Greater Boston Office Market Ends Year With a Bang: One Million SF Net Absorption, Vacancies Down to 11.6 Percent


BOSTON–The Greater Boston office market ended 2018 with a bang as absorption gains of nearly one million square feet pushed vacancies down to 11.6% in the fourth quarter of last year, according to a report by Boston brokerage firm Hunneman.

Liz Berthelette, Director of Research at Hunneman.

“Tech and life sciences continue to make waves throughout the broader metro area with Sanofi executing one of the area’s largest single leases for 900,000 square feet of office and lab space at Cambridge Crossing. Downtown, users in need of more than 100,000 square feet are faced with few options and Wayfair and WeWork  are in expansion  mode,” said the report prepared by Liz Berthelette, Director of Research at Hunneman. “Following the groundbreaking of Winthrop Center and the office tower at the Hub on Causeway, square feet underway surpassed four million. That said, new construction is still measured and pre-commitments remain strong.”

The report said that WeWork continues to dominate local and national headlines, and the coworking giant is reportedly looking at any and all large blocks of office space in the city. WeWork currently occupies more than 700,000 square feet throughout Boston and Cambridge, and will likely double its local footprint over the coming years.

“There is no question that WeWork is changing the commercial real estate game and its impact on the market bears watching,” the report said.

Here are other highlights from the Hunneman Report:


Boston ended 2018 on top. Year-to-date net absorption totaled nearly 1.6 million square feet as out-of-market demand and local growth resulted in several blockbuster lease transactions. Vacancies ended the year at just 7.1%, more than 100 basis points below year-ago levels. Asking rents continued on their upward trajectory, with rates on select high-rise space in the Back Bay reaching high $90s/SF.

New supply is on the horizon in urban Boston. Winthrop Center’s groundbreaking represents the largest tower, which includes 750,000 square feet of office space, to be built downtown in more than a decade. After an infusion of capital via a new joint venture, construction on Bulfinch Crossing will likely kick off in the summer of 2019. Massport is proposing a 600,000-square-foot tower on Parcel A-2 in the Seaport and Samuels  & Associates is planning an office tower over the Mass Pike on Parcel 12. Developers are also focusing on emerging markets like South Boston, the South End, East Boston, Charlestown, Dorchester, Allston and Brighton.


Cambridge’s narrative remains the same. Office space is virtually non- existent here. With absorption gains of more than 100,000 square feet, vacancies ended the fourth quarter at just 3.2%. This puts rates 110 basis points below year-ago levels and well below the market’s historic average. Developers struggle to keep pace with such frothy demand, and most leasing activity has been occurring off-market. The lack of available space makes tracking rent observations difficult, but reportedly asking rents in East Cambridge have topped $100/SF in select spaces.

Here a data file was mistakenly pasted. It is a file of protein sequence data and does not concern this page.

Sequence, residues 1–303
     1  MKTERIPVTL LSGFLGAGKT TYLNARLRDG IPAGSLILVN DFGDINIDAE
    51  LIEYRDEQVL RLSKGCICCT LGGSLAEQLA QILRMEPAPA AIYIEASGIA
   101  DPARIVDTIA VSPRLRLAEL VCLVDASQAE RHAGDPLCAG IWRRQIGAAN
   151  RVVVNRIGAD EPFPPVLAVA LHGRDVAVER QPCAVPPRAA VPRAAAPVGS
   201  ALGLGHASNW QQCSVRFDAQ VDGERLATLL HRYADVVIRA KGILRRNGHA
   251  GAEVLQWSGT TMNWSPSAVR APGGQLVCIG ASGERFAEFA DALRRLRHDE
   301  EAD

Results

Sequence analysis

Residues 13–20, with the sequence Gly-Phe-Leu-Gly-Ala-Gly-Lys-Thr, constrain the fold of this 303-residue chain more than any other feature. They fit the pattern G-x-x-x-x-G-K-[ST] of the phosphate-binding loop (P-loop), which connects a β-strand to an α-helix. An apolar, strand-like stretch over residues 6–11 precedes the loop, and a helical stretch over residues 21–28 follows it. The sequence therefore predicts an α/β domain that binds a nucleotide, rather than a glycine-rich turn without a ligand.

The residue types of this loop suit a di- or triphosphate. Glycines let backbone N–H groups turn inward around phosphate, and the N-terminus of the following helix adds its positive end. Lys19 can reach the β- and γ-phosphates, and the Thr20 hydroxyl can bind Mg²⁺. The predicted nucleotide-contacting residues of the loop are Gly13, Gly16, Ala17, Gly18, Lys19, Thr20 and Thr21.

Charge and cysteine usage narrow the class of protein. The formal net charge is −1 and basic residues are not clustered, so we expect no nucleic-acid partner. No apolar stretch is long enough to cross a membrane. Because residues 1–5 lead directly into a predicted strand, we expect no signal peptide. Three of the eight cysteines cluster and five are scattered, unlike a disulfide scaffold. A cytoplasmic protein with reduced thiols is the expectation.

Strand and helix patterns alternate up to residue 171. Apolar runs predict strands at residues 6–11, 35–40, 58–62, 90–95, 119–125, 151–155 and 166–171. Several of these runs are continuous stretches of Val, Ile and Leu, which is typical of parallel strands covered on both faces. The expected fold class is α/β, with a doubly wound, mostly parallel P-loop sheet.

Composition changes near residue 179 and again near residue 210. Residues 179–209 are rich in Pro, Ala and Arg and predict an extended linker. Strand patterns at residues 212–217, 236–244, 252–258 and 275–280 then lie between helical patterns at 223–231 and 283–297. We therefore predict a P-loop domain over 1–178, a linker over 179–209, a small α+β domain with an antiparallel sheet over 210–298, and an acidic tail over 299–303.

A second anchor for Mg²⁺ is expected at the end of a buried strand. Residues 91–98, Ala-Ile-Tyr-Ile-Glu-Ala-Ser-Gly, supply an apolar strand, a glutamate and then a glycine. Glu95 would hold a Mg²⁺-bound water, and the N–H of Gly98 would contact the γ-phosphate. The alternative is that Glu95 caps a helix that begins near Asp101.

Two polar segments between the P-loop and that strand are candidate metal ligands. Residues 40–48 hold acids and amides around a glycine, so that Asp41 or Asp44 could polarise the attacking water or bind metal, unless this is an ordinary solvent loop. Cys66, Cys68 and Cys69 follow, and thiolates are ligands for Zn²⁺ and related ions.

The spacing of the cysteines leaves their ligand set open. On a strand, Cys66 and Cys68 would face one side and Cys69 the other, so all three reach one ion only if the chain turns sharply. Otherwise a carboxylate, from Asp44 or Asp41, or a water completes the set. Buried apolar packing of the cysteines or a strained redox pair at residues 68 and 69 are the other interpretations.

With a majority of the new supply already preleased, the focus remains on build-to-suit projects as well as redevelopments. Boston Properties recently received approval for an 18-story tower in Kendall Square, which would replace the MIT Coop building at 325 Main Street. Google is rumored to be the anchor tenant as the new structure would connect to their current office at 355 Main Street. New England Development is proposing to convert the third floor of the Cambridgeside Galleria into 140,000 square of office space. Given the struggle malls have faced this cycle due to growth in e-commerce, it makes sense to adapt the underutilized space.


Suburban vacancies ended the fourth quarter at 15.1%; 50 basis points below the previous quarter. While Route 128 continues to benefit from proximity to the urban core and a high concentration of executive housing, conditions along the Route 495 belt have improved markedly over the last two quarters.

The life science industry is having a material impact on the commercial space markets in the suburbs. Demand from biotech companies is at an all-time high, and suburban landlords are responding. Several buildings/ spaces have already been repositioned for lab use. Others are looking   to tap into this outsized demand. In Waltham, 60 Sylvan Road, which is being vacated by Verizon, has been earmarked for lab conversion.


Boston’s capital markets ended the year on a strong note, as $5.7 billion in office assets changed hands and prices neared record highs in 2018. While this puts sales volume 16% below 2017 totals, several blockbuster transactions took place during the fourth quarter. Clearly, Boston remains a highly-desirable destination for capital and liquidity should remain steady moving into the new year.

Some highly-anticipated urban sale transactions finally closed. Late in the fourth quarter, UBS Realty Investors divested 53 State Street for $845 million or $685/SF while Carr Properties acquired 200 State Street for $222 million or $730/SF. In the Seaport, 51 Sleeper Street sold for $91 million or $598/SF and Skanska sold 121 Seaport for a whopping $455 million or $1,137/SF.